Some of you may not have heard of purple potatoes, but now’s the time to get acquainted because a study conducted at the Penn State Hershey Research Institute in Pennsylvania, found that this root has many powerful components shown to be effective in treating cancer. Although the study has now chosen to focus on colon cancer, the researchers believe the findings promise positive results for treatments in its other forms. So what have researchers actually revealed about this colorful potato? What other health benefits are there? And what else do we need to know about the purple wonder that has long occupied Latin American cuisine?
Purple potatoes grow widely in Peru and Bolivia and are quite popular in the South American kitchen. Now, it seems that we should also add this strange vegetable to our daily diet because beyond the deep purple color that only adds to every dish, recent studies have shown that it has the potential to be a natural and perfect answer to the problem of cancer treatment. Already in the initial study, positive findings have shown that extracts from the purple potato suppressed the spread of cancer cells in the colon.
The researchers were not satisfied with their initial findings and decided to repeat the study again with laboratory mice, which confirmed their positive hypotheses through identical results. Jairam Vanamala, one of the scientists who led the study in the simple comparison, explained the shocking news: "You may cut the weed, but as long as the roots are still there, the weeds will keep growing back and, likewise, if the cancer stem cells are still present, the cancer can still grow and spread."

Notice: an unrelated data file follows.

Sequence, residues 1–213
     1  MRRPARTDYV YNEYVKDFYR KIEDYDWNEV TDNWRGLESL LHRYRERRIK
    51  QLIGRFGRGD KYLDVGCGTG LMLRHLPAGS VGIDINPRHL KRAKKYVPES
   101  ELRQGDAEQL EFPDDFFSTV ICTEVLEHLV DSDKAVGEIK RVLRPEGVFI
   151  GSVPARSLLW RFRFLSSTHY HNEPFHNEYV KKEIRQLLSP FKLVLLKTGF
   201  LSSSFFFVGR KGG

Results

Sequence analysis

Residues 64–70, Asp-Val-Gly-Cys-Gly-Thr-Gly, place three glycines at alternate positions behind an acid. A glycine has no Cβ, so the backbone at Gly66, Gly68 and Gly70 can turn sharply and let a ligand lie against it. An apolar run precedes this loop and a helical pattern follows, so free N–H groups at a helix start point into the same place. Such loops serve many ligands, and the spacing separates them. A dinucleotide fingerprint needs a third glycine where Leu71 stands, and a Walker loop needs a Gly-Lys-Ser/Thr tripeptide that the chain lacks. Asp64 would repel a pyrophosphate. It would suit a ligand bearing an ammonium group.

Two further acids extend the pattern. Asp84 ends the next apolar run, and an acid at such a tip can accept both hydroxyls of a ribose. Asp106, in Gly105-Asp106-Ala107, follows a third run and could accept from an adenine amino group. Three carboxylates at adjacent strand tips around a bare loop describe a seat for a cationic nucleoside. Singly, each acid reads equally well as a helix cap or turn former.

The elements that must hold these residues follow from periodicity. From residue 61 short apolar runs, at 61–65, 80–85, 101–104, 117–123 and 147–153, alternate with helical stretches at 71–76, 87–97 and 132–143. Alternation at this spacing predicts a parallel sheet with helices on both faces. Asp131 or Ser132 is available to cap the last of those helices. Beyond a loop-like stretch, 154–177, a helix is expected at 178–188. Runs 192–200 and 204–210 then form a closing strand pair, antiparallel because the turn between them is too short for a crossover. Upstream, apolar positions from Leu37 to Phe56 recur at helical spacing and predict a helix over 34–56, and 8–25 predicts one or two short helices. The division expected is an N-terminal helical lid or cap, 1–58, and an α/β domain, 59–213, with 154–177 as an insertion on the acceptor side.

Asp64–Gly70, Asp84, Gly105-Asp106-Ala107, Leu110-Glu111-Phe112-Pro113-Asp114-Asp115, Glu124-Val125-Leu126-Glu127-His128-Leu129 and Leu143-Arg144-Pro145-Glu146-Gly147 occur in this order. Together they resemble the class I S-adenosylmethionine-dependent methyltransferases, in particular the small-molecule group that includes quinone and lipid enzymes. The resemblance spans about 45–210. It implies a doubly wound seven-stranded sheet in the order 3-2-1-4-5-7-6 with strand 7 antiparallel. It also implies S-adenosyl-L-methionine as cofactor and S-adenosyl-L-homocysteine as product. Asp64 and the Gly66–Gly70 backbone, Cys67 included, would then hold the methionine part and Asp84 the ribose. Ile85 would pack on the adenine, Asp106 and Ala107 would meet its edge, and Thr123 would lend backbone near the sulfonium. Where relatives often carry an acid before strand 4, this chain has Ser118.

The explanation for this ability described by Jairam is linked to the fact that this potato strain is rich in anthocyanins, a pigment that gives the vegetable its dark purple color, which acts as a powerful anti-oxidant against cancer. This pigment is joined by resistant starch, another component found in very high quantities and is also considered to be an active anti-cancer substance. The combination of the two, according to the scientists, led to the amazing results of the experiment and turned the purple potato into a natural drug with unequivocal effects on the disease.
They do look odd but don’t worry, purple potatoes, also known as Vitilettes, can be a great addition to a wide variety of dishes. These potatoes are slightly smaller than regular potatoes, but their taste isn’t very different from them. In the South American kitchen, it is customary to boil, bake and roast the purple potatoes, and turn them into mashed potatoes, French fries and a variety of dishes that aren’t any different from the recipes we’re already familiar with.
In addition to the new discovery of their ability to protect the body against cancer cells, purple potatoes are associated with a number of other health benefits that can make them an excellent addition to our daily diet: